Malik Jones, another JUCO transfer, had a pair of hits in Game 2 of the weekend, and his sample size in center field was simply too small to calculate.  But his ability to cover ground is obvious.

Kobie Fobbe showed range and good hands at shortstop…and had six hits in four games in Florida.

Other notables…included the play of Jacob Barnwell and Dillon Dingler behind the plate, and the fact that Dingler can play at least three other positions in the field if needed.

Tyler Cowles, in left field, showed immediate turnaround from 2017, with four knocks in Friday’s double-header.

And the bullpen…was better than one can realistically expect this early, allowing just five runs in 15 combined innings – and just one run in 11 innings over the final three games.

The one position to yet manifest…is starting pitching.  Of the four starters over the weekend – Connor Curlis, Ryan Feltner, Adam Niemeyer, and Yianni Pavlopoulos – only Pavlopoulos pitched with consistent command, working five innings Sunday while allowing a pair of runs on four hits.  He struck out four and walked one.  The other three showed plenty, but in Greg Beals’ words, they just lacked sharpness.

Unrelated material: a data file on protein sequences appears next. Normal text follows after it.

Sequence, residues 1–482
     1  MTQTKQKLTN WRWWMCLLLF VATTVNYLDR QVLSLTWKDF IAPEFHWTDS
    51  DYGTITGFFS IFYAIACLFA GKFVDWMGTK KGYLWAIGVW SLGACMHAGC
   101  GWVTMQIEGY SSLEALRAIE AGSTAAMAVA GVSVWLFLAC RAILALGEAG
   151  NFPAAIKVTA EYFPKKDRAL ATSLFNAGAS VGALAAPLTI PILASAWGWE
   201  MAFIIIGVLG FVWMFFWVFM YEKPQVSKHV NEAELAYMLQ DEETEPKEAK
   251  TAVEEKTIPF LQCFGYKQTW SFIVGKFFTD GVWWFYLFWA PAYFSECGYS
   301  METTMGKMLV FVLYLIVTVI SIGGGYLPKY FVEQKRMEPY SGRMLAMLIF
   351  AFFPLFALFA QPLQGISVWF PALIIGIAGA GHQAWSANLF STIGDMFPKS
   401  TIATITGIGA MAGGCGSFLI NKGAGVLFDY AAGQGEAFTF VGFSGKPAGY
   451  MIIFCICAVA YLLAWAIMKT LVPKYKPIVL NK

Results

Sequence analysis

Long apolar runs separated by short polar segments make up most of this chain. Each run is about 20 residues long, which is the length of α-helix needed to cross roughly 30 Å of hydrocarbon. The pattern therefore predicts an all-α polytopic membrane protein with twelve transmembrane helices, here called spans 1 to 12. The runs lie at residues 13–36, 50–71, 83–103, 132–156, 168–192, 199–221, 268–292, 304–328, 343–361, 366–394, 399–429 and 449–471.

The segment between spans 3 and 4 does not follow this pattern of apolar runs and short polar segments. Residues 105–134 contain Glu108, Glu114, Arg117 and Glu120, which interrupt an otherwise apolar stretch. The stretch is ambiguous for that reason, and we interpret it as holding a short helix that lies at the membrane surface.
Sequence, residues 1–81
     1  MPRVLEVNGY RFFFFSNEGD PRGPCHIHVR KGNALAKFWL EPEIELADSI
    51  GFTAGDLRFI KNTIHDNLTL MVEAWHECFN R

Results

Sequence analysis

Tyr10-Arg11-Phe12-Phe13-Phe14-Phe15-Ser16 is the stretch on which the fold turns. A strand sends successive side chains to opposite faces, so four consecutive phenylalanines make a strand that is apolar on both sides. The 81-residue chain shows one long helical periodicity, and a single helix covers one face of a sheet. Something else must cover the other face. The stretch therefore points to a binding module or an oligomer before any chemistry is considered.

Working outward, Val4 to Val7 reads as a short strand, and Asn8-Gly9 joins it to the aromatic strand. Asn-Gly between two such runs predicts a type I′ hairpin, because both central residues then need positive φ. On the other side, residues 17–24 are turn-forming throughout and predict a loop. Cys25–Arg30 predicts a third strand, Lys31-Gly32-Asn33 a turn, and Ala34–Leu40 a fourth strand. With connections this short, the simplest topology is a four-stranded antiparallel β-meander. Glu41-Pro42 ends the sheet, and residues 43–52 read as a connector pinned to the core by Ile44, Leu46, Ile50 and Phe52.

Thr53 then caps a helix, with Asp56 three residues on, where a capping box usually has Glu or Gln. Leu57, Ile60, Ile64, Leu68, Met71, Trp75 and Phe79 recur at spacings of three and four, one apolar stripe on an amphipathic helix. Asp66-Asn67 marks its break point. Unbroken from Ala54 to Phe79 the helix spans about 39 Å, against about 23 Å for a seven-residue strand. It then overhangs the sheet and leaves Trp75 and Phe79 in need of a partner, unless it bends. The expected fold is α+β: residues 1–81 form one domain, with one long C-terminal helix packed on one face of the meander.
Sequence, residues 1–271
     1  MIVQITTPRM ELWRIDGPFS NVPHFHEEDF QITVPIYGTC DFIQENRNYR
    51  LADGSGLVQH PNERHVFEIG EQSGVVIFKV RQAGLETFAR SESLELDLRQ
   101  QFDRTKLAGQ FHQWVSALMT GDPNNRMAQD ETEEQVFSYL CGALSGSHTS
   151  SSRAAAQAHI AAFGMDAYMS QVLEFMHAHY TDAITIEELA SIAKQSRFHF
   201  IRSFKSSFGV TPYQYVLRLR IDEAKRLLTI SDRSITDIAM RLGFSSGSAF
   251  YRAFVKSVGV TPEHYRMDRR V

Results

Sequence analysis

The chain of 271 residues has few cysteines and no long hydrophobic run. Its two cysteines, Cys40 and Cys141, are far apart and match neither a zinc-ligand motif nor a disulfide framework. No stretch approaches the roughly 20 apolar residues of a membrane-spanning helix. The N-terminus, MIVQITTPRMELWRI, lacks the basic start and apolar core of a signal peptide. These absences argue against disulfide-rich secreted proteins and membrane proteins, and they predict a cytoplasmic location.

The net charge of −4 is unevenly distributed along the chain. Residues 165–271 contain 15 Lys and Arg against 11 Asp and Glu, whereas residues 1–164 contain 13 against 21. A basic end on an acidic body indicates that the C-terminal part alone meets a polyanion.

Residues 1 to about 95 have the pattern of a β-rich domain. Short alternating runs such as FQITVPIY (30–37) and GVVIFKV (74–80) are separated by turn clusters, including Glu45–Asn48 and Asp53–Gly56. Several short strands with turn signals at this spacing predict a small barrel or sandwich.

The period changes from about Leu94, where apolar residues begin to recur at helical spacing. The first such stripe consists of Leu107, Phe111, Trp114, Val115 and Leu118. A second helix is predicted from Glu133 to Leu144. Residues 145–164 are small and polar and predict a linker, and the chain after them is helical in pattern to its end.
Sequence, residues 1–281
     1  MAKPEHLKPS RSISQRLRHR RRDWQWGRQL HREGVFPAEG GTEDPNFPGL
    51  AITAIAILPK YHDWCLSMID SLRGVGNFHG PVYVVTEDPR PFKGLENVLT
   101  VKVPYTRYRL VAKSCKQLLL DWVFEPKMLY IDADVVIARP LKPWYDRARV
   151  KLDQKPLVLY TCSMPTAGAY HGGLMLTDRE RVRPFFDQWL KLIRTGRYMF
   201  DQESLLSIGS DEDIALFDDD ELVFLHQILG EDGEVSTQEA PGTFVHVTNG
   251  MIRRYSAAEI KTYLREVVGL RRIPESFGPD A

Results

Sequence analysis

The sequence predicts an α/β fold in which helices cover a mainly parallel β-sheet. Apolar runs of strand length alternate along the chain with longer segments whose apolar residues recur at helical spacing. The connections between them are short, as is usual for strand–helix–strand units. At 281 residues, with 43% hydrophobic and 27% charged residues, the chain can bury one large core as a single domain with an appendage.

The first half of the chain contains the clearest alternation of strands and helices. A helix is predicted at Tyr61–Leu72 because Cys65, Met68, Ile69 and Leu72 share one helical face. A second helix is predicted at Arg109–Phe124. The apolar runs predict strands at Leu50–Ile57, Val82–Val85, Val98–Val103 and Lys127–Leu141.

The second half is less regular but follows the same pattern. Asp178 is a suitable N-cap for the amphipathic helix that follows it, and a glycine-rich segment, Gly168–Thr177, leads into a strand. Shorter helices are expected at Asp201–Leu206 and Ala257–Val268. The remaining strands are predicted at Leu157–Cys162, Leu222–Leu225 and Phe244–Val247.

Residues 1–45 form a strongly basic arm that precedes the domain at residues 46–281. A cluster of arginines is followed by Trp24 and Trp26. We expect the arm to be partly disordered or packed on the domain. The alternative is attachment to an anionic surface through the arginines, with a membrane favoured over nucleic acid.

But baseball at every level has questions about starting pitching.  IT’S EARLY…just four games, and there’s no greater percentage of improvement in sports than that between the first and second outings.

Now, they turn the page.  A bigger trip out west this weekend against bigger opponents – Utah and #2-ranked Oregon State, a CWS semi-finalist last June.  The Buckeyes dropped three of four in this very same series a year ago, and a reversal would do wonders as they look beyond to upcoming opponents like Southern Mississippi and 2016 NCAA champion Coastal Carolina.

It’s easier said than done, of course.  And the sample size is small.  But the parts looked right for the first time out.

Just keep winning three out of four, and like the man said, “They should be interesting.”

Noah McGowan was named national collegiate player of the week for his .400 average, 13 RBIs, and 2 home runs in Florida.